Post-Consumer Waste Wood in Attributive Product LCA
- Journal Article
Background In product life cycle assessment (LCA), the attribution of environmental interventions to a product under study is an ambiguous task. This is due to a) the simplistic modeling characteristics in the life cycle inventory step (LCI) of LCA in view of the complexity of our techno-economic system, and b) to the nontangible theoretical nature of the product system as a representation of the processes ‘causally’ linked to a product. Ambiguous methodological decisions during the setup of an LCI include the modeling of end-of-life scenarios or the choice of an allocation factor for the allocation of joint co-production processes. An important criterion for methodological decisions — besides the conformity with the relevant series of standards ISO 14 040 — is if the improvement options, which can be deduced from the LCI, are perceived by the decision-maker as to redirect the material flows at stake into more sustainable paths. Methods From this functionalistic conception of LCA, this article develops a set of wood-specific requirements, an LCI of wood products has to fulfill to give adequate decision support under Central European conditions. These requirements serve as a basis for the evaluation of different allocation procedures in a case study related to the modeling of end-of-life scenarios in a product LCA of wood products. The case study discusses how the recycling and incineration of a creosote-treated railway sleeper (Am. tie) are modeled according to various methodological propositions for the solution of the allocation problems related to recycling and final disposal. A partial life cycle model of the railway sleeper demonstrates the effect of the different allocation procedures to the over-all result. Results and Discussion The most important conclusion — apart from proposing a functionalistic approach to solve allocation problems — is that under Central European conditions both the material and energy aspects of wood and the related substitution and opportunity effects (opportunity ‘cost’) should be considered for the modeling of post-consumer waste wood in attributive product LCA, even when comparing products made of different materials. Show more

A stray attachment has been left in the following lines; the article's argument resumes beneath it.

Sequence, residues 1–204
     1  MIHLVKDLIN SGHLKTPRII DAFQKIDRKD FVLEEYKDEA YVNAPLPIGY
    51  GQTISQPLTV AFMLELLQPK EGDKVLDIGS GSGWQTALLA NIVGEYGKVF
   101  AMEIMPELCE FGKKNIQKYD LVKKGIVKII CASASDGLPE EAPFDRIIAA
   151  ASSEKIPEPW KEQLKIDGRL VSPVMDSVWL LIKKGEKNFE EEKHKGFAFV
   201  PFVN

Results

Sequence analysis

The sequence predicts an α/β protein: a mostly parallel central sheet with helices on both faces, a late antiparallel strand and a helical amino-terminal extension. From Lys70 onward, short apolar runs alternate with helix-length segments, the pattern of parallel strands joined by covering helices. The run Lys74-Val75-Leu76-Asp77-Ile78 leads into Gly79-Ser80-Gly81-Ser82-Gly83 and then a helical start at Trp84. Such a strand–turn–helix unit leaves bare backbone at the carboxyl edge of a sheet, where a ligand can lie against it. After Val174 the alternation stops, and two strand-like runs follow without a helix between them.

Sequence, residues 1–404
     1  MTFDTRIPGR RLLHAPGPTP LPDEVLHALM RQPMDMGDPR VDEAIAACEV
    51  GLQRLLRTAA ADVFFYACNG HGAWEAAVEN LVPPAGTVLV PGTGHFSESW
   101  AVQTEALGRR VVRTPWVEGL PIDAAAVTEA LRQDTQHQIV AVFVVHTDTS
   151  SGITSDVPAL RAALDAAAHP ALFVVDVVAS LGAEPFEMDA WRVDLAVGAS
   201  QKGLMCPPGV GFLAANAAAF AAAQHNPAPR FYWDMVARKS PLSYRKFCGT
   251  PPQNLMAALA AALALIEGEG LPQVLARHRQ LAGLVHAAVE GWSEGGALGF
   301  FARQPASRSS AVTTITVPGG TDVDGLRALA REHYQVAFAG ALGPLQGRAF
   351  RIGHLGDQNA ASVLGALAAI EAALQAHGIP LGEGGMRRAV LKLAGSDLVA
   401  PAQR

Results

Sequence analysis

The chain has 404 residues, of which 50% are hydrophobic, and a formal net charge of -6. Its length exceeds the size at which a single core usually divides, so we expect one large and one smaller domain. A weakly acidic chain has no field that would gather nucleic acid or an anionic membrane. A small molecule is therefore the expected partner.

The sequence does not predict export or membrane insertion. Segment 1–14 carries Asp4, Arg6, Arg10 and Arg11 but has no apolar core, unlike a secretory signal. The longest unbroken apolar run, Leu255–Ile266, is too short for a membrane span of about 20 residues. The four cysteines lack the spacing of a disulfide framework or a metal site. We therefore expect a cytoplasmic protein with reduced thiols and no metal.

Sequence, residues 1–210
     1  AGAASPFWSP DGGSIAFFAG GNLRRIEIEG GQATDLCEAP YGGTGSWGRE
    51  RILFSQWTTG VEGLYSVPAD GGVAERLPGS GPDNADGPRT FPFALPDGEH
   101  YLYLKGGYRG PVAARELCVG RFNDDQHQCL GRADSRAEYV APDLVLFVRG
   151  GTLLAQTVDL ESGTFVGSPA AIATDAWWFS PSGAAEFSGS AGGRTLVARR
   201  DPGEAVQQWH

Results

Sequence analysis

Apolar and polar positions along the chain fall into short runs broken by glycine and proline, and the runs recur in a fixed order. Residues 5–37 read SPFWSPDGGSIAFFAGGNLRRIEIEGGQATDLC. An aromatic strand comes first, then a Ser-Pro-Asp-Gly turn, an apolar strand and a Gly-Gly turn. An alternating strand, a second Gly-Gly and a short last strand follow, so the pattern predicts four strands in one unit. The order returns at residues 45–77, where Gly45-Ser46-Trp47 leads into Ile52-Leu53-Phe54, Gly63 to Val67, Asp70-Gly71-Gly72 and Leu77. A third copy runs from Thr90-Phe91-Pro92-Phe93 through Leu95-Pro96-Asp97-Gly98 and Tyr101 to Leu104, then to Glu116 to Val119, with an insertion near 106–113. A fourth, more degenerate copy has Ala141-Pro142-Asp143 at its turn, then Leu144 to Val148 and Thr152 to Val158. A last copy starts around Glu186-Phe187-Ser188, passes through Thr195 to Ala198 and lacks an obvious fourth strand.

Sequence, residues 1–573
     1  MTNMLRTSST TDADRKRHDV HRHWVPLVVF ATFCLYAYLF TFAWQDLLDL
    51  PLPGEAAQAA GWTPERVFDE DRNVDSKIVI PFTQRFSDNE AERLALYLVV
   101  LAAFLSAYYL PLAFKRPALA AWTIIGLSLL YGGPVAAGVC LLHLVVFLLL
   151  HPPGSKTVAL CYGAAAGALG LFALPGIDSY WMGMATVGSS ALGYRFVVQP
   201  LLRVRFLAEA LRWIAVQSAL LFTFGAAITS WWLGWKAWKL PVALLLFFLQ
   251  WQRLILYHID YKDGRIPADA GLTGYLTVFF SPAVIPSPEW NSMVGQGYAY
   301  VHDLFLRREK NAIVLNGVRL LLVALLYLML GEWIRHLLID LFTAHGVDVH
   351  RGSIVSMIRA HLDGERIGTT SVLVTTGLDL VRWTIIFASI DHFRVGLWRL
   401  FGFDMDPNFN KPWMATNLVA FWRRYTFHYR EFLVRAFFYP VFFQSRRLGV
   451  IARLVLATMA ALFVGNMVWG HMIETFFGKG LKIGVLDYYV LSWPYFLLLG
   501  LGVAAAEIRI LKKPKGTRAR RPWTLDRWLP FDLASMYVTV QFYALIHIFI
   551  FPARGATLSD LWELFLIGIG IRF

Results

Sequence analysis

Journal / seriesThe International Journal of Life Cycle Assessment
Pages / Article No.
SubjectAllocation final; disposal; life cycle assessment; opportunity effects; post-consumer waste wood; railway sleeper; recycling; substitution; wood
Organisational unit03400 - Scholz, Roland W.
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